While Congress continues to procrastinate on changing the campaign finance laws -- the House will not take up the issue until September; the Senate, who knows when? -- things are changing in the states.

More and more of them are moving beyond the regulatory approach embodied in most of the proposals in Washington and are deciding that public financing of elections is the best way to reduce the influence of interest groups and wealthy individuals -- while satisfying the maze of legalities laid down by the courts.

The latest and in some ways most surprising development comes in Wisconsin, where Gov. Tommy Thompson, the dean of the 50 governors and a staunch Republican, is making headway with a proposal for partial public funding of state campaigns.

An appropriation of $750,000, urged by Thompson as part of a reform plan devised by a bipartisan commission, has been approved by the Senate-House finance committee and is awaiting final action by the legislature. The full plan has not yet passed and faces strong opposition, but Wisconsin could become the second state in recent years, following Vermont, to move to public financing by action of elected officials.

Since 1996, three others -- Maine, Massachusetts and Arizona -- have done the same thing by voter initiatives, bringing the total of states with full or partial public financing systems to 24, according to Ellen Miller, the head of Public Campaign, a Washington, D.C.-based group supporting these efforts. Missouri and Oregon may have such initiatives in 2000, she says.

What is interesting about this phenomenon is that public financing is considered beyond reach in the Washington debate on campaign reform. Twenty-five years ago, Congress approved partial public financing of presidential campaigns by a checkoff on individual income tax returns -- with matching funds available to candidates accepting spending limits in the primaries and a full subsidy available for the general election.

But in recent years, it has been accepted wisdom on Capitol Hill that voters rebel at the idea of more of their tax dollars being used to pay for those TV spots everyone despises. And yet, when measures to subsidize campaigns from public sources are put to a vote of the people in states as diverse as Arizona and Massachusetts, they pass -- despite the reluctance of many local political leaders to endorse them.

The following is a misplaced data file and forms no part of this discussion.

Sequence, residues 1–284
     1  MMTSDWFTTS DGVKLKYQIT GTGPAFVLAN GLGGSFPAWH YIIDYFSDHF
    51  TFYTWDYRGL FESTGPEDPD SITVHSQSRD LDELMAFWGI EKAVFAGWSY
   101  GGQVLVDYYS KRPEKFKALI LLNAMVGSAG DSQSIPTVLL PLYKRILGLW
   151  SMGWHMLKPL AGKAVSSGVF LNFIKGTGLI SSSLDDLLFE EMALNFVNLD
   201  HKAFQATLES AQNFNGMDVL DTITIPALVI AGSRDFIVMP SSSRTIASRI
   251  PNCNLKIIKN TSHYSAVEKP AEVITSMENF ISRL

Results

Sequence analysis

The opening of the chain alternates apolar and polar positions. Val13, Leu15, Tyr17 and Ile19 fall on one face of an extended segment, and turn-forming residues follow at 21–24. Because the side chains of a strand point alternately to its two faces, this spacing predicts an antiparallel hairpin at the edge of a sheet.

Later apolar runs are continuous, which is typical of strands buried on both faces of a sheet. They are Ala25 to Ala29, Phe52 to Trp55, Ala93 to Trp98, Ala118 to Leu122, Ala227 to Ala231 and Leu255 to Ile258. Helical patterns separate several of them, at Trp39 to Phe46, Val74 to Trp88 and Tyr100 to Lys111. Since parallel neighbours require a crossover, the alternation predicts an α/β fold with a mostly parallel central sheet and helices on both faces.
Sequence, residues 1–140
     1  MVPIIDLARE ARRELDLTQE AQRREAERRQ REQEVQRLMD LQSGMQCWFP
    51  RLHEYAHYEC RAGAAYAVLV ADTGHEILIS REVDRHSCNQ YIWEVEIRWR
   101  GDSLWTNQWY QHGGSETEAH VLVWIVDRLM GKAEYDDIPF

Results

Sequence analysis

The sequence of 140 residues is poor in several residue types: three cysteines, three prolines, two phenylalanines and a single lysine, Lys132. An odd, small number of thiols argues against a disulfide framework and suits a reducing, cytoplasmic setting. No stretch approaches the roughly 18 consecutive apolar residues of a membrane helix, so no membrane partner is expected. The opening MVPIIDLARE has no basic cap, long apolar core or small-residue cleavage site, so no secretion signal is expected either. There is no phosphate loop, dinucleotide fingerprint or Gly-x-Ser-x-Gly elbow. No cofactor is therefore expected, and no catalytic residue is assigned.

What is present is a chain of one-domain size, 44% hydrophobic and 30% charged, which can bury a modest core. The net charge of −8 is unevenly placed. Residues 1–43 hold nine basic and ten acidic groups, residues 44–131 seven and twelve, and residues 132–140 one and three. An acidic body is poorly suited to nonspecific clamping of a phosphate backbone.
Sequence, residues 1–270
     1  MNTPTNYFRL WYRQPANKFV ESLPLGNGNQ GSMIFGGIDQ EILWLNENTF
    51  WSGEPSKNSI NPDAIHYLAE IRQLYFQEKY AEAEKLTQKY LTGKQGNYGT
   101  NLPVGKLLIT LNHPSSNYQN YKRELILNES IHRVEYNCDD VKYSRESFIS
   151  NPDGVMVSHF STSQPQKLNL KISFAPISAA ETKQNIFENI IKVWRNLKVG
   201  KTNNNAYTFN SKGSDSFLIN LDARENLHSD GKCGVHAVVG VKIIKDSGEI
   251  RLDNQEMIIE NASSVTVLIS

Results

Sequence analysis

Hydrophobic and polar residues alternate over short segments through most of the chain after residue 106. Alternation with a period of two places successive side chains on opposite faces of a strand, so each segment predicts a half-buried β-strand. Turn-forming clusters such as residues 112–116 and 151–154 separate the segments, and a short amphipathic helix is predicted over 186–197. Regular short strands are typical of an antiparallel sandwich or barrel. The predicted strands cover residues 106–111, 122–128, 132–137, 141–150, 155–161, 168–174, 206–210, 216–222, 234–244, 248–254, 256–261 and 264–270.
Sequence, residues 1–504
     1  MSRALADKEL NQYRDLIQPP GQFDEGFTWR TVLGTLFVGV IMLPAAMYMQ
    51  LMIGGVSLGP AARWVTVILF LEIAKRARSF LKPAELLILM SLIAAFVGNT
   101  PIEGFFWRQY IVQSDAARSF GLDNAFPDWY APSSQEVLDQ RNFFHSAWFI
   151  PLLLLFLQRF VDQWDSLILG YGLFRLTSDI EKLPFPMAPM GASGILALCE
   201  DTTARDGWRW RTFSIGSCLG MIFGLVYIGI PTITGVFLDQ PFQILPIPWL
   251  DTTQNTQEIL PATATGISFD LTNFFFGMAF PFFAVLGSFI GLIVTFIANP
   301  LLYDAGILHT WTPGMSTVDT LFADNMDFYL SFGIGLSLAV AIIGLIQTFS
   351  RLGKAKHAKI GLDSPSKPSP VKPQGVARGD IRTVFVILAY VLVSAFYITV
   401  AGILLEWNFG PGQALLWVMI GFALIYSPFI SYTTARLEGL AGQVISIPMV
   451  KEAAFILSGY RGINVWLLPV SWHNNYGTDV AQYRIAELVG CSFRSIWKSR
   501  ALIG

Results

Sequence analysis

In Massachusetts, both Republican Gov. Paul Celluci and leaders of the Democratic legislature looked askance at the 1998 initiative, but it passed by a 2 to 1 margin. Even with that big win, there was doubt whether the legislature would appropriate the money to begin funding the first publicly financed elections, scheduled for 2002.

Celluci put no request in his budget, but the legislature -- a bit squeamish about defying a public mandate -- did so, with the House voting for $10 million and the Senate for $13 million. The House could not resist adding a joker -- a requirement that another initiative be passed in 2000 reaffirming that voters really want tax money used for campaigns -- but it's not certain whether that will be in the final version of the budget.

For now, backers of the measure told me, they are confident that a series of annual appropriations plus voluntary checkoffs will produce the $40 million kitty needed to fund 85 percent of the expenses of Massachusetts candidates who accept spending limits in 2002.

In Arizona, where the initiative barely passed by a 51 percent to 49 percent margin over the opposition of Republican Gov. Jane Hull and others, opponents have filed two lawsuits challenging the measure. The state Supreme Court threw out the first one; the second is pending in a lower court. Meantime, the financing machinery has begun to function. Lobbyists are being asked to pay higher registration fees, and a surcharge is being added to civil and criminal penalties assessed in Arizona courts. Next year, people filing their state income taxes will be told that, for the first time, they can claim a tax credit of up to $500 for political contributions -- and, barring mishaps, public financing will begin in 2002.

The Wisconsin move is particularly interesting because Thompson, like most other Republicans, was initially opposed to taxpayer-financed campaigns. He endorsed the package of other reforms recommended by the bipartisan commission he had named. But when that measure was stymied by partisan battling in the legislature, Thompson endorsed the direct subsidy as a way of breaking the deadlock. In a phone call from Alaska, where he was vacationing, he told me that he hopes Wisconsin, which pioneered welfare reform under his leadership, "can be a model for the country" on campaign reform as well.

It will take more courage than Washington usually displays for that wish to be fulfilled.